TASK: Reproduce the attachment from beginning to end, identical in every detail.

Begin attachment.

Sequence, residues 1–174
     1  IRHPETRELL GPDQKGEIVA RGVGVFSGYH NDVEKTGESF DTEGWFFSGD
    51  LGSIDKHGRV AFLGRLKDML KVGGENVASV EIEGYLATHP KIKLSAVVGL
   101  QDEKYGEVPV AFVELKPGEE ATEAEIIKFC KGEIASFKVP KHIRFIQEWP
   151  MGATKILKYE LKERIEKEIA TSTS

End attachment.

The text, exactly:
Sequence, residues 1–174
     1  IRHPETRELL GPDQKGEIVA RGVGVFSGYH NDVEKTGESF DTEGWFFSGD
    51  LGSIDKHGRV AFLGRLKDML KVGGENVASV EIEGYLATHP KIKLSAVVGL
   101  QDEKYGEVPV AFVELKPGEE ATEAEIIKFC KGEIASFKVP KHIRFIQEWP
   151  MGATKILKYE LKERIEKEIA TSTS